by Andrew Bowen

I found Mathew face down, cold and ridged like a plastic doll.  I had overslept because he never cried—never told me he was hungry.  Rodney had to peel my arms from around my son so the paramedics could take him in a blaze of flashing red and white lights.

Rodney and I arrived at the hospital five minutes after they called it.  Mathew had drowned in his blankets.  I barely remember slapping the doctor's face.

The air is humid with the whimpers and tears of the congregation.  I stare at Mathew's blue coffin.  Sunlight ignites against the chrome.  My eyes burn from sleepless nights.  Rodney hooks his fingers around mine.  I can't squeeze back.

Mathew would grin at me, all gums and downy glow, and cackle at nothing in particular.  My insides fluttered every time he looked at me, as if a tiny stone had plunked into my soul and sent waves through me.  He couldn't crawl yet, so he flailed on his stomach as if trying to swim over the carpet.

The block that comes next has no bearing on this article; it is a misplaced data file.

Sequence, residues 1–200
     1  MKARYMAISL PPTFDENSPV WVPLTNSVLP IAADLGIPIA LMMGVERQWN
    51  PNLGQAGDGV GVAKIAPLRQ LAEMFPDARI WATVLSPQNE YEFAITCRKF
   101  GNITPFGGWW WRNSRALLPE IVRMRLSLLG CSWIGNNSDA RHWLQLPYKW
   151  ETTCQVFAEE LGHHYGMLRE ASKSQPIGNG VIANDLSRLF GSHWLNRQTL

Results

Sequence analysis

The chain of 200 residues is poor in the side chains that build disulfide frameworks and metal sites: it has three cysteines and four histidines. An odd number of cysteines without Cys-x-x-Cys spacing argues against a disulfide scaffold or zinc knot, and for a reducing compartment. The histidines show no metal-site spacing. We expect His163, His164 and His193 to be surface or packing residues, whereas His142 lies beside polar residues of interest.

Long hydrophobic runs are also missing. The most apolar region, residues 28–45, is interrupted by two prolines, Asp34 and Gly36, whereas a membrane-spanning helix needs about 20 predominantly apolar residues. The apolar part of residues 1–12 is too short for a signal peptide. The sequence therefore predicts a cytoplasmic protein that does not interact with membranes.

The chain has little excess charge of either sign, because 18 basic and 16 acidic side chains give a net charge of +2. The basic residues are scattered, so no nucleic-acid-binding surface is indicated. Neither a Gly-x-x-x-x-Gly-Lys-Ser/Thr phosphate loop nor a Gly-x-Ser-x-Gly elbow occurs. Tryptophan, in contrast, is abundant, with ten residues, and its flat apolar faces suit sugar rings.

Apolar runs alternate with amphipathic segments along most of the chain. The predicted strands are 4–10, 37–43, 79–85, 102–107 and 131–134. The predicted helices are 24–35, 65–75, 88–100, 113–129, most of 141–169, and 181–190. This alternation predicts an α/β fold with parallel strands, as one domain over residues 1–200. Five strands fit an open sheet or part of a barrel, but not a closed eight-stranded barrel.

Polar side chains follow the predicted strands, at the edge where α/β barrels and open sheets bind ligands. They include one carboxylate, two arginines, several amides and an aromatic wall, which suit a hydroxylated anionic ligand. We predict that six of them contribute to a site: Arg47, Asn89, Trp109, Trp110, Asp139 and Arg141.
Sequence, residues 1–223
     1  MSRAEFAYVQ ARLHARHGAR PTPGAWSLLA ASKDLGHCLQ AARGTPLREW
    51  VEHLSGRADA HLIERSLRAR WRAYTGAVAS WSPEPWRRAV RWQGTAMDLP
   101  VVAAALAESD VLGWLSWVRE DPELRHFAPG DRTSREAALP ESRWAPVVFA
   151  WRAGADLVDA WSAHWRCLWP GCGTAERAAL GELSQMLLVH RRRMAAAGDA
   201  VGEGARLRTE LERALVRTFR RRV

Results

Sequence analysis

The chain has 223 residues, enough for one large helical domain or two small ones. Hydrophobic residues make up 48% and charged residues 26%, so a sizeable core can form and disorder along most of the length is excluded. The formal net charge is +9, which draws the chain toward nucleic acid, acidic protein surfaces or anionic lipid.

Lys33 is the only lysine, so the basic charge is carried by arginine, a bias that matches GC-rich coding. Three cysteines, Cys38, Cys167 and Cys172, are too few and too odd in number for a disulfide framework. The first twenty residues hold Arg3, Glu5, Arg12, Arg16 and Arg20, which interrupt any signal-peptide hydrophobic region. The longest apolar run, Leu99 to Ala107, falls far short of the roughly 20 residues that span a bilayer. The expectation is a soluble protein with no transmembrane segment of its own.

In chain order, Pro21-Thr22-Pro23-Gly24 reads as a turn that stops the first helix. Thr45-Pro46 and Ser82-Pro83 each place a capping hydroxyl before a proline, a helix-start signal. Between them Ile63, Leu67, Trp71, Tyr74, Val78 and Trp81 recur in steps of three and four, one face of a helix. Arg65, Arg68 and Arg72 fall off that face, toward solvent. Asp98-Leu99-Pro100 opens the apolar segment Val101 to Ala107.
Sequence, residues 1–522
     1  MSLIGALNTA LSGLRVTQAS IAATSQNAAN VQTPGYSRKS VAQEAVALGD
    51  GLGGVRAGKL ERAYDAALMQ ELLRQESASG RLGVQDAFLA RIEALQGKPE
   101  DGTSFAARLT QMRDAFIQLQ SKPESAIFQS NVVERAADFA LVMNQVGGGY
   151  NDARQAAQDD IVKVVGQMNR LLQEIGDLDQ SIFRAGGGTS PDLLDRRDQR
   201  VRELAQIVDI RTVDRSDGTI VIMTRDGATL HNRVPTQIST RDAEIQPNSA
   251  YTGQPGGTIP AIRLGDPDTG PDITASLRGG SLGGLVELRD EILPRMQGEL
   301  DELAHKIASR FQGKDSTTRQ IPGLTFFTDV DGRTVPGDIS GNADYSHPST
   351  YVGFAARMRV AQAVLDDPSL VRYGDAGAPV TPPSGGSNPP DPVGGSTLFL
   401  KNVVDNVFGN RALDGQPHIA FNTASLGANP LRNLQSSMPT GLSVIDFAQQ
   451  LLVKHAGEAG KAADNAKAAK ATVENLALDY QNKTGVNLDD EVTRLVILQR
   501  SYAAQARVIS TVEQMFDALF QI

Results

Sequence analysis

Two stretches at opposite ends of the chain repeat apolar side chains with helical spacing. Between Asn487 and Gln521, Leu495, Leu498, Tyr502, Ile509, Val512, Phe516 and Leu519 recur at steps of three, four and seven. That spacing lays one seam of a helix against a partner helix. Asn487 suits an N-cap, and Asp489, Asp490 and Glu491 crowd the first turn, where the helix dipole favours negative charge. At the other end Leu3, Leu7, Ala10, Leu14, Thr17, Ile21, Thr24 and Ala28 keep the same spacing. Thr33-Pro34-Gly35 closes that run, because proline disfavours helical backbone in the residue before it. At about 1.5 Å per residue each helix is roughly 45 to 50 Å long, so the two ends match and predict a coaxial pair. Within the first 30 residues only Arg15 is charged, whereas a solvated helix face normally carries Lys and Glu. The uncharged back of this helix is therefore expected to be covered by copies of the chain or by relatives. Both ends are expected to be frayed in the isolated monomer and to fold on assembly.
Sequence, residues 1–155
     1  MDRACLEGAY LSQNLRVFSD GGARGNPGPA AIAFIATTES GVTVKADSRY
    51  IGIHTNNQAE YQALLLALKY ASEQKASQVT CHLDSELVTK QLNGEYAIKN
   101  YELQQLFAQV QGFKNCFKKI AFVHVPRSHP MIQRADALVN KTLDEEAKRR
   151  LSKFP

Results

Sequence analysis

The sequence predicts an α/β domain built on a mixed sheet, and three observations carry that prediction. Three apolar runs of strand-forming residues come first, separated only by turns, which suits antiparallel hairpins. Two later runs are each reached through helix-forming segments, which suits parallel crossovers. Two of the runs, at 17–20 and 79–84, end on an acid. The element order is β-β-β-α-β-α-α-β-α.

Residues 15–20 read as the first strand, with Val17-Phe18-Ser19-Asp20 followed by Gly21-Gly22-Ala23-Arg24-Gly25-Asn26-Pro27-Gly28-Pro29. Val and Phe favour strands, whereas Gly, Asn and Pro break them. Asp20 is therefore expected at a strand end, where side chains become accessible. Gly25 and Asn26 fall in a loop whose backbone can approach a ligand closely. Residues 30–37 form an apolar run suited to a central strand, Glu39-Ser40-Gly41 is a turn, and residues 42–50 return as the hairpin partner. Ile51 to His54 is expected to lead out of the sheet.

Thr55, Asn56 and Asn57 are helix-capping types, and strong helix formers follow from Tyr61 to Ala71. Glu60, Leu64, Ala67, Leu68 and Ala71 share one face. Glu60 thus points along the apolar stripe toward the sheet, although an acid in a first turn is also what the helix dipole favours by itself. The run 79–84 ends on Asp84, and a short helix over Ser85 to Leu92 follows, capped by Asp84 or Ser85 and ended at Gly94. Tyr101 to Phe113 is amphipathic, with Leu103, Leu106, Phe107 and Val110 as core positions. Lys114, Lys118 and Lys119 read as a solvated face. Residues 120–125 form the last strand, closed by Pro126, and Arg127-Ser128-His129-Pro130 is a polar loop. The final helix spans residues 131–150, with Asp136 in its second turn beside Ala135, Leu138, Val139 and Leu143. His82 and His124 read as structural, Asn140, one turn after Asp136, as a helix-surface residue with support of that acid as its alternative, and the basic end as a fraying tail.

The minister's voice jars me.  “Rest assured, Mathew had a guardian angel on his shoulder that night…”  I close my eyes and swallow a knot expanding in my throat.  I imagine an angel standing on Mathew's shoulder, pressing him into the sheets as he gasped for air, whispering sweet, holy nothings about a god too bright to see.

He continues.  “And now, Mathew is in heaven with our lord—an angel himself, with wings to glide above pain, worry, sorrow…”

He looks down at me.  His face crumples beneath a sympathetic smile.  I can't force one in return so I look away.  I glance out the window as light pours in and watch the clouds.  All I see are bed sheets flowing in the wind. My fingers curl and my nails cut into my palms.  I struggle to breathe and suck in air like a series of rapid hiccups.  I picture Mathew thrashing for breath inside heaven's clouds, still unable to swim.